It apparently worked. This was the incident that would cause a rift between these two Hollywood cowboy stars that would last a lifetime. After that episode there were never any good feelings between the two on the movie lot.
As it turned out, both Hollywood cowboy stars earned huge amounts of money. By the year 1929, Buck Jones was a very wealthy man. Buck Jones, being eleven years younger than Tom Mix was able to put out films a few years longer into the late 1930’s and early 1940’s. Both Buck Jones and Tom Mix had an extraordinary number of film credits to their name. Buck Jones had 106 film credits and Tom Mix had a total of 307.
Tom Mix had spent a lot of time in Arizona where he maintained a ranch. The old action star also had a habit, and liking, for living a bit on the edge. On October 12, 1940, Tom Mix found himself reportedly speeding down a road near Florence Arizona in his custom made Cord roadster. Apparently due to the speed, he wasn’t able to negotiate a curve and was killed in the subsequent crash. Today, as a memorial to one of Hollywood’s most successful old cowboys, there is a marker at the spot in Arizona where the crash occurred. Tom Mix was 60 years old when he was killed.
The end for Buck Jones also came rather sudden and unexpected. Buck Jones was dining with a group of friends in Boston Massachusetts on November 28, 1942. The problem was, Jones was dining at the old Cocoanut Grove night club when the famous venue rapidly went up in flames and resulted in the deaths of 492 people. Hundreds more were injured. The Cocoanut Grove disaster was the second worst building fire in America behind Chicago’s Iroquois Theater fire of 1903 that killed more than 600 people. The Cocoanut Grove tragedy would usher in another new round of fire codes. The story is that Jones did initially flee the fire safely but went back inside to find a lost friend. As it turned out, the friend wasn’t lost and did escape the fire but Buck Jones was badly burned when he reentered the club. He passed away two days later on November 30th at the age of fifty one.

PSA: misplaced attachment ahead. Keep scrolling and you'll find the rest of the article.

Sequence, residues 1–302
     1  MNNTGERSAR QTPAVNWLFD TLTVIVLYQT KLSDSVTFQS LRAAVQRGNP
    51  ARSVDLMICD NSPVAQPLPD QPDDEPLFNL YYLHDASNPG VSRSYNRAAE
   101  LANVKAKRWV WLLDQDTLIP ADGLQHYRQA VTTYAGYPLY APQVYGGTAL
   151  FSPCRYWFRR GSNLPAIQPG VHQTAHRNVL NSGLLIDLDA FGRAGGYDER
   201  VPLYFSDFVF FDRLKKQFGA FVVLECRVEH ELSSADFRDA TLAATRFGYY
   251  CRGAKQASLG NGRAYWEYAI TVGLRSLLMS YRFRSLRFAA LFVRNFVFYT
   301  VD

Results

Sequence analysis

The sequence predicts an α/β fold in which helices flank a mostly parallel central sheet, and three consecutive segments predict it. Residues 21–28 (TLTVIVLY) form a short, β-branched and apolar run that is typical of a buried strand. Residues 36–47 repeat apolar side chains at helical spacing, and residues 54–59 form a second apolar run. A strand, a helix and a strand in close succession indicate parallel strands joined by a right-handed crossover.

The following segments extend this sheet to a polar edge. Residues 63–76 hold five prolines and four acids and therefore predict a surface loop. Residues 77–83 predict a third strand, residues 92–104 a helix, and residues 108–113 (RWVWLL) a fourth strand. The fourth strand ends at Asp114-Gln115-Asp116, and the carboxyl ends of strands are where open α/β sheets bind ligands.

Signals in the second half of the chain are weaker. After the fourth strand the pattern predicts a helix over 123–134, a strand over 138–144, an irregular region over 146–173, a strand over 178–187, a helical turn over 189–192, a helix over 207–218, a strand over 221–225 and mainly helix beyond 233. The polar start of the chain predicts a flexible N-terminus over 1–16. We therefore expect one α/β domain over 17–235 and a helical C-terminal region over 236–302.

Two excellent books for further research are Wild West Show!, edited by Thomas W. Knowles and Joe R. Lansdale and Fire in the Grove by author John C. Esposito.
One of the very best places in the U.S. to learn about the cowboy is in Oklahoma City, OK. The National Cowboy and Western Heritage center is one of the best places to learn about real cowboys, the celebrity cowboy and life in the frontier west. One of the most interesting sites where many a western film was shot is just outside Tucson Arizona. Old Tucson Studios was and is still used for both motion picture and television productions. The Old Tucson Studios is located about 16 miles west of downtown Tucson and is a big tourist attraction for the area.
(Photos are from the public domain)